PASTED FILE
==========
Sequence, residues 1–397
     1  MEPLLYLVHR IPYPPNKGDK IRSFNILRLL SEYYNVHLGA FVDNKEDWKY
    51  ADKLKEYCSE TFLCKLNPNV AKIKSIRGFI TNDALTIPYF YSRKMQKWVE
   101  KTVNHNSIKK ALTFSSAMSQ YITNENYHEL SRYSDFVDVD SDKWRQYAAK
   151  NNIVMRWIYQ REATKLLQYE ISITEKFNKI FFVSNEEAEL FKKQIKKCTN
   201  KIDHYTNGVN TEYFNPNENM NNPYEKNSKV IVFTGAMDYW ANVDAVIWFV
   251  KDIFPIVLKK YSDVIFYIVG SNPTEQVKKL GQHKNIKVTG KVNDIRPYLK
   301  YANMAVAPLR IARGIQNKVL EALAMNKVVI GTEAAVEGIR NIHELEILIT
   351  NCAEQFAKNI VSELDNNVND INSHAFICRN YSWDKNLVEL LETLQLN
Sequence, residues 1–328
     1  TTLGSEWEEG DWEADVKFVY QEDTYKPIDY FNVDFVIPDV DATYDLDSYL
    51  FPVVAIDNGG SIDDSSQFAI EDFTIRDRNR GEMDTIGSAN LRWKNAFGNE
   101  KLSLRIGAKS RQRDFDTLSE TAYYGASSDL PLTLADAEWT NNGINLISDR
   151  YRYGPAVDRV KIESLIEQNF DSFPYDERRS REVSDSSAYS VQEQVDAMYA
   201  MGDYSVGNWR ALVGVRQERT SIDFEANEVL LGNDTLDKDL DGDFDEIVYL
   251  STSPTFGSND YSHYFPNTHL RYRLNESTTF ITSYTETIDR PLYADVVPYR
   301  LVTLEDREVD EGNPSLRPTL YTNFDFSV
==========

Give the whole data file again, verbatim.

Sequence, residues 1–397
     1  MEPLLYLVHR IPYPPNKGDK IRSFNILRLL SEYYNVHLGA FVDNKEDWKY
    51  ADKLKEYCSE TFLCKLNPNV AKIKSIRGFI TNDALTIPYF YSRKMQKWVE
   101  KTVNHNSIKK ALTFSSAMSQ YITNENYHEL SRYSDFVDVD SDKWRQYAAK
   151  NNIVMRWIYQ REATKLLQYE ISITEKFNKI FFVSNEEAEL FKKQIKKCTN
   201  KIDHYTNGVN TEYFNPNENM NNPYEKNSKV IVFTGAMDYW ANVDAVIWFV
   251  KDIFPIVLKK YSDVIFYIVG SNPTEQVKKL GQHKNIKVTG KVNDIRPYLK
   301  YANMAVAPLR IARGIQNKVL EALAMNKVVI GTEAAVEGIR NIHELEILIT
   351  NCAEQFAKNI VSELDNNVND INSHAFICRN YSWDKNLVEL LETLQLN
Sequence, residues 1–328
     1  TTLGSEWEEG DWEADVKFVY QEDTYKPIDY FNVDFVIPDV DATYDLDSYL
    51  FPVVAIDNGG SIDDSSQFAI EDFTIRDRNR GEMDTIGSAN LRWKNAFGNE
   101  KLSLRIGAKS RQRDFDTLSE TAYYGASSDL PLTLADAEWT NNGINLISDR
   151  YRYGPAVDRV KIESLIEQNF DSFPYDERRS REVSDSSAYS VQEQVDAMYA
   201  MGDYSVGNWR ALVGVRQERT SIDFEANEVL LGNDTLDKDL DGDFDEIVYL
   251  STSPTFGSND YSHYFPNTHL RYRLNESTTF ITSYTETIDR PLYADVVPYR
   301  LVTLEDREVD EGNPSLRPTL YTNFDFSV